“Being the first woman president would be quite a change from the presidents we’ve had, including President Obama.”
That was Hillary Clinton herself at the very first Democrat presidential debate of the season on CNN on the Oct. 13, 2015, in response to a question about how her presidency would not be like a third term of the Obama administration, saying, “Well, I think that’s pretty obvious.”
From day one, Clinton has absolutely been playing the so-called “woman card,” a term that was coined, not by Donald Trump this week — who told reporters at Trump Tower on April 26, “Frankly, if Hillary Clinton were a man, I don’t think she’d get 5 percent of the vote. The only thing she’s got going is the woman’s card,” — but by the Huffington Post in its coverage of that Oct. 2015 debate.
In a video of the exchange, the headline reads, “Hillary Clinton plays the woman card during the debate.”
It wouldn’t be the last time.
At the Feb. 4 debate at the University of New Hampshire, she said, “Senator Sanders is the only person who I think would characterize me, a woman running to be the first woman president, as exemplifying the establishment. And I’ve got to tell you that it is… really quite amusing to me.”
That, despite the fact that as a former First Lady, senator and Secretary of State, she has been in power in the federal government for over 20 years. Not a part of the establishment? She is the establishment.
In a Feb. 2016 Vogue interview with Clinton titled, “Will Clinton make history?” Jonathan Van Meter asked “If New York City still isn’t ready for its first female mayor, is the United States ready for its first female president? Why is this still such a hurdle for women in our country?”
To which Clinton replied, “You know, I really don’t know. I think it’s gotten better. But I think there still is a very deep set of concerns that people have, which very often they’re not even aware of or they couldn’t articulate. There’s nothing overt about it in most instances. People are very convinced they want to vote for the right person. And then… you know, you get little hints that maybe they’re not as comfortable with a woman being in an executive position. Especially in a big, rough-and-tumble setting like New York City or the United States of America.”
Got it? If you don’t support Clinton, it might be because, according to Clinton, “there still is a very deep set of concerns that people have, which very often they’re not even aware of or they couldn’t articulate… that maybe they’re not as comfortable with a woman being in an executive position.”
On her own campaign website, Clinton has a piece from actress Lena Dunham, “On the road for Hillary: a travelogue,” in which Dunham writes, “Our first female president would send a message that we are here. We are ready to lead.”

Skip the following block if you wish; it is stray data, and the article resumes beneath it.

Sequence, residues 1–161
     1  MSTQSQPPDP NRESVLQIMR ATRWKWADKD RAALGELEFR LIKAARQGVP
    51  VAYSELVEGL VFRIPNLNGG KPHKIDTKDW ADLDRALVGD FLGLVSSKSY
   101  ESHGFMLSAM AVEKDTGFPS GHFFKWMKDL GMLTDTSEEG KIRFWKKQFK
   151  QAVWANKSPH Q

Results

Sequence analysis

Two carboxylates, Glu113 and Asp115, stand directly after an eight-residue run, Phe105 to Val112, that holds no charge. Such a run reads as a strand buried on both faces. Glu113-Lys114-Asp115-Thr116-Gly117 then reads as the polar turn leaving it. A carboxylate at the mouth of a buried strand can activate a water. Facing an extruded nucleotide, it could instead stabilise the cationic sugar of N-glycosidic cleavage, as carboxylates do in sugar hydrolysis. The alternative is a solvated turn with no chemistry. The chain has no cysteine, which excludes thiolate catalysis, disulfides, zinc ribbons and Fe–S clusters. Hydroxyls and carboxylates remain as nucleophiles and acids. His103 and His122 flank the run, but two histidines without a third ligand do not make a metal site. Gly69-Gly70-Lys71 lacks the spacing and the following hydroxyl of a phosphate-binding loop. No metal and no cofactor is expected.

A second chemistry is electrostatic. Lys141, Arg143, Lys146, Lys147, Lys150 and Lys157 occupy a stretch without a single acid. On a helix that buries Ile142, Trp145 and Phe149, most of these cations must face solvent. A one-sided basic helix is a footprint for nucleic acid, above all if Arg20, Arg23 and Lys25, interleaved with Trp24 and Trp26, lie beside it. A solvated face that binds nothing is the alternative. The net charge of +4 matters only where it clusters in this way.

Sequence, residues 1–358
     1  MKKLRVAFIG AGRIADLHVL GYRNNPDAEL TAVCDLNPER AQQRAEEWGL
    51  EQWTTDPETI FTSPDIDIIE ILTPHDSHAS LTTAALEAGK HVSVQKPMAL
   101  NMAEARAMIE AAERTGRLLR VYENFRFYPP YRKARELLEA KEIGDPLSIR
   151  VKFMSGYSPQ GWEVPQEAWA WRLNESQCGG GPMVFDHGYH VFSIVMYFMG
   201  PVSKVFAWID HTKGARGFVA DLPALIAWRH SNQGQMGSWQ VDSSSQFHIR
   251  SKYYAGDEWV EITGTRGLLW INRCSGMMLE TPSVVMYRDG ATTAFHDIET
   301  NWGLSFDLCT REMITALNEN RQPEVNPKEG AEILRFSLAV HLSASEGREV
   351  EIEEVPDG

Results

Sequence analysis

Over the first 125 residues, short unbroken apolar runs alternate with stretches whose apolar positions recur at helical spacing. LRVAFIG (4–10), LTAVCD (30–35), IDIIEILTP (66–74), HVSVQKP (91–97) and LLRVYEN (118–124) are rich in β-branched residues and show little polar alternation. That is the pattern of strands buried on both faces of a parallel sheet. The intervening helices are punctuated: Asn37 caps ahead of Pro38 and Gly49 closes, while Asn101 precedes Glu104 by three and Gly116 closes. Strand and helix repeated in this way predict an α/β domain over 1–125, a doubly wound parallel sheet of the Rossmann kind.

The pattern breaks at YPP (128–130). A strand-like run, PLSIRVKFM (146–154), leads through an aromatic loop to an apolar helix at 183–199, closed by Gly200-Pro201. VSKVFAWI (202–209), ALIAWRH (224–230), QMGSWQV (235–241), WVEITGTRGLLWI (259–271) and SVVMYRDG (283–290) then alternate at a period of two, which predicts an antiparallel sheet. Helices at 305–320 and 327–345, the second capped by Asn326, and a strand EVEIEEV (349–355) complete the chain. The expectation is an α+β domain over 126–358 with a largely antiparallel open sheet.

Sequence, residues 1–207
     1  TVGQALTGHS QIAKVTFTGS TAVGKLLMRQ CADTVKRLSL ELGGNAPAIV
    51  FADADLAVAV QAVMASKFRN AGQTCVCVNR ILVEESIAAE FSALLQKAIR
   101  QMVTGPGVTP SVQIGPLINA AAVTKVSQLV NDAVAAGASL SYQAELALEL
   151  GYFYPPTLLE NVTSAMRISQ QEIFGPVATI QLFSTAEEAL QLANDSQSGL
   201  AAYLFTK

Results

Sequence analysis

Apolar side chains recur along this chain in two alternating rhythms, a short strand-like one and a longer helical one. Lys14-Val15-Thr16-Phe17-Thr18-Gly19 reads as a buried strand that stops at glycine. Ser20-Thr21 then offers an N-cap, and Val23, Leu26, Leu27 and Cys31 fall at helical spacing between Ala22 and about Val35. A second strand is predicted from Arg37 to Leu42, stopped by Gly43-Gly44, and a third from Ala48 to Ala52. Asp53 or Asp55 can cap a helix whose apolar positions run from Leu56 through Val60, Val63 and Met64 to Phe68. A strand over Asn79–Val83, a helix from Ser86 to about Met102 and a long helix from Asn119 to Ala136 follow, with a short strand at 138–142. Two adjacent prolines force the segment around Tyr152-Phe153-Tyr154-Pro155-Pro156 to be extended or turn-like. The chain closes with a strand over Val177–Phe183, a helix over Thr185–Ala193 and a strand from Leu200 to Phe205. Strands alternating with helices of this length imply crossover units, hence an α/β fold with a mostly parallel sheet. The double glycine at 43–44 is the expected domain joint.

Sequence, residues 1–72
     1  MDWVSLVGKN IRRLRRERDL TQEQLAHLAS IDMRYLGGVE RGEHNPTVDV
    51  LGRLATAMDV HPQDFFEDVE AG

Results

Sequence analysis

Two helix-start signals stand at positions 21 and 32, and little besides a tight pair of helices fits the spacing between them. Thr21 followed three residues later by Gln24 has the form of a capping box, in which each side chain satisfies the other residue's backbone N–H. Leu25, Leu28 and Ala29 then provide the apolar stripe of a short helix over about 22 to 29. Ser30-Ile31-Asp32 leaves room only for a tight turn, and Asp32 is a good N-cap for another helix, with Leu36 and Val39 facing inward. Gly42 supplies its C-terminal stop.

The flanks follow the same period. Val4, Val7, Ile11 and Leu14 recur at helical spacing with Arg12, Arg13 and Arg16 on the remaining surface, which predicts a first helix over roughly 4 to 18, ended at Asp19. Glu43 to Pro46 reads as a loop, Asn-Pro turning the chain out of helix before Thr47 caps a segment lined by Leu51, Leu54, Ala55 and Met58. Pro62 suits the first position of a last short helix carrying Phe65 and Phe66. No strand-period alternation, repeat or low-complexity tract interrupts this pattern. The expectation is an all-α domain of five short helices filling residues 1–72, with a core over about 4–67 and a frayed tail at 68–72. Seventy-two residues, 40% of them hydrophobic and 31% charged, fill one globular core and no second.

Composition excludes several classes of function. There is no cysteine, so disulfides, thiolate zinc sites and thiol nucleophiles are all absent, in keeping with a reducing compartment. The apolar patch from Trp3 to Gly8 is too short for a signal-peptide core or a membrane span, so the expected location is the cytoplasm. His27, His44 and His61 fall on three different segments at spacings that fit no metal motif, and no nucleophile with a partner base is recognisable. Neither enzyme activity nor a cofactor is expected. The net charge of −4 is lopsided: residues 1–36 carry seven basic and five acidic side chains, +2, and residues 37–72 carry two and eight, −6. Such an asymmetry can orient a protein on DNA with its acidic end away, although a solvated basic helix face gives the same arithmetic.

It’s really worse than all that. Trump supporter Jim Kent on Youtube has put together a fairly comprehensive montage of excerpts of Clinton explicitly touting her gender throughout the campaign so far:
So, who’s playing the woman card? Hillary Clinton, that’s who.
And she’s not the only one.
Just Google “Clinton” and “first female president” and it turns up 260,000 results.
Among them, a March 2014 poll from Gallup, “Clinton’s top selling point in 2016: First female president,” in which Gallup’s Frank Newport writes, “Americans say the best or most positive thing about a possible Hillary Clinton presidency — if she were to run and be elected in 2016 — would be her serving as the first female president in the nation’s history.”
The “first female president” positive attribute scored the highest plurality at 18 percent, far higher than “best choice” at 5 percent. Only 1 percent thought “open, honest government” would be the most positive outcome of a Clinton presidency.
Commenting on the Gallup poll in the Washington Post, Chris Cilizza wrote, “Newport’s point is critical and gets to what we believe was the single biggest mistake that Clinton and her team made during the 2008 presidential bid. Faced with the historic candidacy of then Illinois Sen. Barack Obama, Clinton could have matched history for history. But, she didn’t.”
Cillizza added, “The question is whether Clinton has learned the lesson of that first, unsuccessful campaign. Whether she — and the team she has built/is building/will build — understand that her gender, far from being a negative, is actually the strong argument in her favor in the eyes of voters.”
We thought gender was not supposed to matter. The office of president represents every American, women and men alike.
Now we know that as a matter of deliberate campaign strategy, and in practice, Clinton is touting her gender and the historic achievement of the first female president as a top reason to vote for her.
For the first female presumptive party nominee to so cynically play that card — as a matter of design — and then to attack her opponent for pointing out what is a pretty obvious strategy is laughable.
And it is insulting to the intelligence of not just female voters, but to all Americans. What a joke.